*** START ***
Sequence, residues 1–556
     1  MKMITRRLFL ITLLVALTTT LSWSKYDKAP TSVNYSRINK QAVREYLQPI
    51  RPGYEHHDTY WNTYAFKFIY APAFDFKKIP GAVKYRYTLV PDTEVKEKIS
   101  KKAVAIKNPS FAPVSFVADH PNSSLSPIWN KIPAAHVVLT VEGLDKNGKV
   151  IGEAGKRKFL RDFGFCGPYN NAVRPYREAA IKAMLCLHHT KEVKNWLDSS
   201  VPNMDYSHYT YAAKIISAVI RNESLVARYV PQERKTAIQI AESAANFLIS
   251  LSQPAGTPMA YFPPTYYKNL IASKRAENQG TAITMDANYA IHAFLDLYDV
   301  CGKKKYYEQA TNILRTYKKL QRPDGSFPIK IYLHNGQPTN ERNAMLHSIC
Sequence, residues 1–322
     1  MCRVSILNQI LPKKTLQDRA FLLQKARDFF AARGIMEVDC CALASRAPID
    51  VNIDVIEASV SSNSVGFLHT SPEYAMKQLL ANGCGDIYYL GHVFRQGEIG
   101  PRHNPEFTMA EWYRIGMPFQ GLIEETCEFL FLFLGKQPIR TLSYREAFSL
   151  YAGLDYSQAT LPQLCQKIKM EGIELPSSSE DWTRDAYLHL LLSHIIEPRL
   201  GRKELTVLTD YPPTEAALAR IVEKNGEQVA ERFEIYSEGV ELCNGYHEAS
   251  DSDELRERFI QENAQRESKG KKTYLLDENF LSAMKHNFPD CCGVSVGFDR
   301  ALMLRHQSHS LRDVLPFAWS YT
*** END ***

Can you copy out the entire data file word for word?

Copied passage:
Sequence, residues 1–556
     1  MKMITRRLFL ITLLVALTTT LSWSKYDKAP TSVNYSRINK QAVREYLQPI
    51  RPGYEHHDTY WNTYAFKFIY APAFDFKKIP GAVKYRYTLV PDTEVKEKIS
   101  KKAVAIKNPS FAPVSFVADH PNSSLSPIWN KIPAAHVVLT VEGLDKNGKV
   151  IGEAGKRKFL RDFGFCGPYN NAVRPYREAA IKAMLCLHHT KEVKNWLDSS
   201  VPNMDYSHYT YAAKIISAVI RNESLVARYV PQERKTAIQI AESAANFLIS
   251  LSQPAGTPMA YFPPTYYKNL IASKRAENQG TAITMDANYA IHAFLDLYDV
   301  CGKKKYYEQA TNILRTYKKL QRPDGSFPIK IYLHNGQPTN ERNAMLHSIC
Sequence, residues 1–322
     1  MCRVSILNQI LPKKTLQDRA FLLQKARDFF AARGIMEVDC CALASRAPID
    51  VNIDVIEASV SSNSVGFLHT SPEYAMKQLL ANGCGDIYYL GHVFRQGEIG
   101  PRHNPEFTMA EWYRIGMPFQ GLIEETCEFL FLFLGKQPIR TLSYREAFSL
   151  YAGLDYSQAT LPQLCQKIKM EGIELPSSSE DWTRDAYLHL LLSHIIEPRL
   201  GRKELTVLTD YPPTEAALAR IVEKNGEQVA ERFEIYSEGV ELCNGYHEAS
   251  DSDELRERFI QENAQRESKG KKTYLLDENF LSAMKHNFPD CCGVSVGFDR
   301  ALMLRHQSHS LRDVLPFAWS YT